high-velocity clouds

high-velocity clouds

Small molecular and diffuse clouds, often far from the galactic plane, that have radial velocities differing significantly – sometimes up to 100 km s–1 – from those predicted by a simple Galactic rotation curve. Some may be associated with tidal effects, such as the Magellanic Stream (see Magellanic Cloud), while others are more likely due to galactic fountains.
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Instead, astronomers suspect that some of them were created by high-velocity clouds (HVC).
Most high-velocity clouds share a common origin with the Milky Way, either as the leftover building blocks of galaxy formation or as clumps of material launched by supernovas in the disk of the Galaxy.
Also known as Smith's Cloud, it's one of thousands of high-velocity clouds of hydrogen gas flying around the outskirts of our Galaxy.
The Andromeda finding strengthens the case that the high-velocity clouds surrounding the Milky Way include remnant gas from the galaxy's origin, says Thilker.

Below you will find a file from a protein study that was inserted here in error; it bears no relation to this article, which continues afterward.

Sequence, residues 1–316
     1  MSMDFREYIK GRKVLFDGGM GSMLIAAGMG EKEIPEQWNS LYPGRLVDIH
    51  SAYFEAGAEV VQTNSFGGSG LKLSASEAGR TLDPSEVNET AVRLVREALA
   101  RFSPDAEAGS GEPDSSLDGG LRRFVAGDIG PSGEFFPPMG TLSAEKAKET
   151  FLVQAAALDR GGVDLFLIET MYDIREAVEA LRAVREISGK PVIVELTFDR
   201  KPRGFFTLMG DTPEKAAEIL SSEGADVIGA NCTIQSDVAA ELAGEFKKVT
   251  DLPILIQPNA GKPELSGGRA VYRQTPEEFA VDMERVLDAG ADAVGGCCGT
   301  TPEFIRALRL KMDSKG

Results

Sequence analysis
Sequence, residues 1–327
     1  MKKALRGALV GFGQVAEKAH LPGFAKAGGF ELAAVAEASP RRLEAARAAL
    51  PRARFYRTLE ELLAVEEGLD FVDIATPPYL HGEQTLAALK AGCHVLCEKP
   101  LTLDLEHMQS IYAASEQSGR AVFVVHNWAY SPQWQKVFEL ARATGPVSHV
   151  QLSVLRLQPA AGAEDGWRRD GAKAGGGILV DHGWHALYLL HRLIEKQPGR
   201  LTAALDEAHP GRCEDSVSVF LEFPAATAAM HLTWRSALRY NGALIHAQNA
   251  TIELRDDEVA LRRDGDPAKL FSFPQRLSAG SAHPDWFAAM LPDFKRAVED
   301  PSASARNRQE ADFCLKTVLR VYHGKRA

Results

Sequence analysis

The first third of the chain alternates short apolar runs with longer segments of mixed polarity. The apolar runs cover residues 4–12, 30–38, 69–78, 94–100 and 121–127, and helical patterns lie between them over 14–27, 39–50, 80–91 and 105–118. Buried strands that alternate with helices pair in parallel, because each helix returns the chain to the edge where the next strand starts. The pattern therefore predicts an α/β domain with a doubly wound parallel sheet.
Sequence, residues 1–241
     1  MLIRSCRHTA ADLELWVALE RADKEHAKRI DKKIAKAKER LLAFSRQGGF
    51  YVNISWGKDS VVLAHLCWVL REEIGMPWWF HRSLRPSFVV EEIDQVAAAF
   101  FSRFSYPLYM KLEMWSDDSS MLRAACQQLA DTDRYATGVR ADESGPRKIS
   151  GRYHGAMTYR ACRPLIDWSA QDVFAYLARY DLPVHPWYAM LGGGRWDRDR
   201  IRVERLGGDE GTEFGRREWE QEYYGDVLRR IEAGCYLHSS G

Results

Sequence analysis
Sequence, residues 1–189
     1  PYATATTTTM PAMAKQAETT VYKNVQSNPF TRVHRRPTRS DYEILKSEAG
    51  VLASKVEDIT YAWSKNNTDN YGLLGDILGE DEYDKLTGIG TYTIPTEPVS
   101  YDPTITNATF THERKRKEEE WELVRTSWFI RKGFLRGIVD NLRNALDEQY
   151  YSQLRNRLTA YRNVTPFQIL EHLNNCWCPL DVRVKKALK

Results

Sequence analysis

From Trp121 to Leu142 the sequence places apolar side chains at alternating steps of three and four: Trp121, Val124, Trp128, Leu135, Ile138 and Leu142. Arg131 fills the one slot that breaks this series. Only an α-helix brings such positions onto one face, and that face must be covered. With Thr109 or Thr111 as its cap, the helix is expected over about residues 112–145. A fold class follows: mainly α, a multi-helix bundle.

The Smith Cloud is unique among high-velocity clouds because it is so clearly interacting with and merging with the Milky Way," said Felix J.
The halo clouds move in tandem with the rotating Galaxy, while the high-velocity clouds scud along much faster.
Accurate distances are known for only a handful of high-velocity clouds.
Despite the Green Bank observations, mysteries remain about the origin of high-velocity clouds.
Complex H's radio emissions show that the object is much closer than high-velocity clouds and that its motion is tied to that of the Milky Way.
Astronomers had assumed the body was a so-called high-velocity cloud, a type of fast-moving mass of atomic hydrogen commonly found far from the galaxy.
Judging from models of structure formation in which small objects in the cosmos coalesce to form larger ones, "there ought to be clouds of dark matter and gas falling into our galaxy, and that's what we believe these high-velocity clouds are," he says.
The origin of these so-called high-velocity clouds had been uncertain since they were first detected by Dutch astronomer Jan Oort in 1961.

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